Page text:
Have you ever watched a film and felt that the writer had captured your essence in one of the characters? This happened to me when I watched UP – but the character wasn’t the sweet old man, or the young explorer – it was the dog.

If you haven’t watched UP, all you need to know is that Dug the dog is easily distracted by the world around him.

Why do I relate to Dug?

I am an easily distracted person. I live my life externally. I often don’t know what I think until I verbalise it. I am inspired, recharged and, yes, easily distracted by my random mind and the world around me.

And here’s the thing; being easily distractible makes prayer hard.

I’ve often tried to pray quietly and after five minutes my heart would sink as I realise I stopped praying four minutes ago. Now, I’m thinking about breakfast, the day ahead, or the thing I wish I’d said to that person, that time.

All my good intentions thwarted by my inability to focus.

It wasn’t until my first 24-7 Prayer Room experience that I realised my personality wasn’t the enemy. Distraction is natural, and happens to all of us during times of prayer. So, instead of just struggling to shut out the world around me, I started to use my senses to focus on God.

If you struggle with distraction too, here are five practical things you could try to help you pray…


Best. Advice. Ever. Jesus called the Holy Spirit our helper. Inviting Him into the problem of being distracted is a great place to start.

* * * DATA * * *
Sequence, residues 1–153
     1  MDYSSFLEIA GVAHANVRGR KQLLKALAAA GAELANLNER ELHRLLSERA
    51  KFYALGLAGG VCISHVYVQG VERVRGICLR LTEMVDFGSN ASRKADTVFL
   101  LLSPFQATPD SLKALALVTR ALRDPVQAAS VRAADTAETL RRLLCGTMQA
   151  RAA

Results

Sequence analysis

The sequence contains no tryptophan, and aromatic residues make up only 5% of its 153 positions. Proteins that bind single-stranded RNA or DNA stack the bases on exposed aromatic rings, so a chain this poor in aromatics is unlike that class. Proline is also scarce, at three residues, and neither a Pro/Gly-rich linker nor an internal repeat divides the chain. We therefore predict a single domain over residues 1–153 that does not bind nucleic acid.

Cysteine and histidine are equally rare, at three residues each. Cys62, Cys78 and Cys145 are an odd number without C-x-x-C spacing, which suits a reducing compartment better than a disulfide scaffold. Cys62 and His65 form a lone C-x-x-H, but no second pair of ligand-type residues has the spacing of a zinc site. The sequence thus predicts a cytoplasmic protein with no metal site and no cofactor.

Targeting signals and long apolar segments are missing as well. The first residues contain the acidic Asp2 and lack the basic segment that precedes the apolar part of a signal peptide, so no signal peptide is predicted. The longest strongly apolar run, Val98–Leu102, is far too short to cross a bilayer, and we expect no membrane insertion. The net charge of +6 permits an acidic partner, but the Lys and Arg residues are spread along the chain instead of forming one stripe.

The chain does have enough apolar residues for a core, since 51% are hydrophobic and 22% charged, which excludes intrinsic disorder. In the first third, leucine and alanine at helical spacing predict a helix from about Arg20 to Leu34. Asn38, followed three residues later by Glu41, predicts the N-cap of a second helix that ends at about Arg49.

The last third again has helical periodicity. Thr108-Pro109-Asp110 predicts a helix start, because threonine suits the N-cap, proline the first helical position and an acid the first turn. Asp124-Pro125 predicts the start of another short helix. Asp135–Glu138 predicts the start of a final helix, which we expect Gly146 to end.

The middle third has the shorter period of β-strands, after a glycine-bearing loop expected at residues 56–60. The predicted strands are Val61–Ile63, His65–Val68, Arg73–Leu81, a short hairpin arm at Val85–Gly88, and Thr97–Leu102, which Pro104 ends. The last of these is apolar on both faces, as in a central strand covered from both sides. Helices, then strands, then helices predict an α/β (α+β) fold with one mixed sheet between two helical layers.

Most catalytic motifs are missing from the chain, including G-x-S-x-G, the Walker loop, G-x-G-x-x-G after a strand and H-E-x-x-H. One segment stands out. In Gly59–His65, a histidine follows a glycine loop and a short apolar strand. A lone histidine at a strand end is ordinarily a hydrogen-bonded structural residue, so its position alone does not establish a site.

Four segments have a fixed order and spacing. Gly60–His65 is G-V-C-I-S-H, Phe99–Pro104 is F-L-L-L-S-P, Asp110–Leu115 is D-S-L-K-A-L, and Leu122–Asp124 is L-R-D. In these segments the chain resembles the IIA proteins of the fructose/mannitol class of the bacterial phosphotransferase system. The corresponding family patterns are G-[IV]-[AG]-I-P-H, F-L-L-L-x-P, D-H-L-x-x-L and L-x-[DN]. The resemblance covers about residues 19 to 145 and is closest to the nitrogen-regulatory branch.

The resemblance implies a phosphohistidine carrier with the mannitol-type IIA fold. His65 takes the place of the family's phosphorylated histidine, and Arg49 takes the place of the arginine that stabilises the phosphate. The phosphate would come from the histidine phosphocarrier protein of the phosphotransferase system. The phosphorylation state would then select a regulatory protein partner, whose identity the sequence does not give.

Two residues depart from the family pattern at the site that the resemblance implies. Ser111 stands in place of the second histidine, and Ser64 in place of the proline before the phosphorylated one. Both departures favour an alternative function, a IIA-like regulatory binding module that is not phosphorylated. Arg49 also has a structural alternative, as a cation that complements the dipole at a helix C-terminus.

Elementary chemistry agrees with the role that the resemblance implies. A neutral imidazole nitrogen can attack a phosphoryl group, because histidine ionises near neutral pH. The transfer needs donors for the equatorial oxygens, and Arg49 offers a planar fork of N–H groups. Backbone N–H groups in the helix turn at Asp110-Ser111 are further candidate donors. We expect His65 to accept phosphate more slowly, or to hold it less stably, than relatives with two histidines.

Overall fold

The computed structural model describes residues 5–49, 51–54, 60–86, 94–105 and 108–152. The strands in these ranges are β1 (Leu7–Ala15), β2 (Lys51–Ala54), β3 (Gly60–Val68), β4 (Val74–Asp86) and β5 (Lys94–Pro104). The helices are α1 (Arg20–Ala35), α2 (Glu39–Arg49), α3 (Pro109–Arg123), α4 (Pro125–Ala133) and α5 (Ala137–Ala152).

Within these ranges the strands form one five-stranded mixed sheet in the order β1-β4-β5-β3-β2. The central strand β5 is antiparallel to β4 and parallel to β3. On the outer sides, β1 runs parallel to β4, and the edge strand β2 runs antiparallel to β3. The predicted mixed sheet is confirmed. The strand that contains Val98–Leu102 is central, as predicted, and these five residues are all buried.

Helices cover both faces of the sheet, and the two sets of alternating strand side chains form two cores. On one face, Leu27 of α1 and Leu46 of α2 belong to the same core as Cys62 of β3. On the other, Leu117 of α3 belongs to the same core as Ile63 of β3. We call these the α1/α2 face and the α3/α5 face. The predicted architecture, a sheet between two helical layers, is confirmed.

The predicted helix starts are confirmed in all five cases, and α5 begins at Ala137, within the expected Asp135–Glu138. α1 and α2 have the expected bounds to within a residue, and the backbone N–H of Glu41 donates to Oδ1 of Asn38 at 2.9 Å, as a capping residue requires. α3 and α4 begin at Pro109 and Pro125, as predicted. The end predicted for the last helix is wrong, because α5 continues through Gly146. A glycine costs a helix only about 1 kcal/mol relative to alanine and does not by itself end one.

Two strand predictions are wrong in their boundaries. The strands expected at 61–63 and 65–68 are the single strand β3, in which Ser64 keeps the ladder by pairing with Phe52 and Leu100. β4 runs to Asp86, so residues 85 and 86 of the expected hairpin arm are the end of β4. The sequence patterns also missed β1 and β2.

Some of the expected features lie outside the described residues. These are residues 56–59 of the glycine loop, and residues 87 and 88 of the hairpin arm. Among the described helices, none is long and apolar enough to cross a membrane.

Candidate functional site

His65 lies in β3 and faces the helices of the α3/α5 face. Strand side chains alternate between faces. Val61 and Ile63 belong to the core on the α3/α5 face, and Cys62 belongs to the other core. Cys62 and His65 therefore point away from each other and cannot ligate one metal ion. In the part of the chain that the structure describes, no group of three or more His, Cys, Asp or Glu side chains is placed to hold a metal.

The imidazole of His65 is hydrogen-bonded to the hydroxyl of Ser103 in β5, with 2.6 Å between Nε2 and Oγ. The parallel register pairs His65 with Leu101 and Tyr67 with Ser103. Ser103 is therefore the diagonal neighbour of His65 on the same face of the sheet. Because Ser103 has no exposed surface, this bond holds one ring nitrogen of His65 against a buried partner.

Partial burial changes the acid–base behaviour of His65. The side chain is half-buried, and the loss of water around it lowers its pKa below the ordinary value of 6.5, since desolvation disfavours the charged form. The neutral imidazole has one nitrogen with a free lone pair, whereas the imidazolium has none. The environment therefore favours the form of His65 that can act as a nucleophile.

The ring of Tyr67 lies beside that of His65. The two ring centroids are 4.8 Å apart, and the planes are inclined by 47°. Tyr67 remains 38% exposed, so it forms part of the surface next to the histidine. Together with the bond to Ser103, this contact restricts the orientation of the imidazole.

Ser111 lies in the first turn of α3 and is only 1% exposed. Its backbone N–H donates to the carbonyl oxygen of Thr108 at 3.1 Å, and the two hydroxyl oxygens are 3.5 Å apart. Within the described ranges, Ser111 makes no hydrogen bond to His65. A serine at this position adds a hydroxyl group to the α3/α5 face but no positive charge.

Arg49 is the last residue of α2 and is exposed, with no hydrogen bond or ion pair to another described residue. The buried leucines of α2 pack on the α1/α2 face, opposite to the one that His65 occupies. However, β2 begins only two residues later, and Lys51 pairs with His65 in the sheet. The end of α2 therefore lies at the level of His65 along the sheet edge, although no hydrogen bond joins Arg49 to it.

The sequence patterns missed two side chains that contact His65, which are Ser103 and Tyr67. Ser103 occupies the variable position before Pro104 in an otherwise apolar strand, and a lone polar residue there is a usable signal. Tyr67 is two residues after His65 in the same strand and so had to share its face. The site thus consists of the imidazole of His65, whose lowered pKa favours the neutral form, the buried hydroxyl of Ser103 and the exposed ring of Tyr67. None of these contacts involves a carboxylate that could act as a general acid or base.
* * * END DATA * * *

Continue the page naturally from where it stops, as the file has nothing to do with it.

Sometimes my distracted thoughts reveal my deepest desires, anxieties or priorities. Instead of seeing them as interruptions to prayer, I’ve started taking God with me on my diversions, inviting His input to my every thought.


When I pray I make myself unavailable to everyone but Jesus. Sometimes I put my phone away; I always silence notifications. Invest time into being excited about what God’s up to, not the barrage of social media.


When I walk along my local beach, the vastness of the sea dwarfs my concerns; the breeze clears my head and the vista makes me instantly aware of God’s presence.

Find a place where your muscles relax and your soul sings. Maybe it’s outdoors, alone in your room, wandering in a Cathedral or after a conversation with an invigorating friend. Find it, then build your prayer life around it.


Try drawing, singing, building, moving or walking in prayer. Something that physically, as well as mentally, engages you. Get a good, old-fashioned paper journal and a really nice pen. When I’m finding focus particularly challenging, I draw or write my prayers like a stream of consciousness or a letter to God.

Whether you see yourself in an animated dog, or whether you’re distracted differently, don’t worry. Distraction is natural; we are human. Don’t feel like a failure; rather focus on the ways you can retune into God’s presence.

By Carla Harding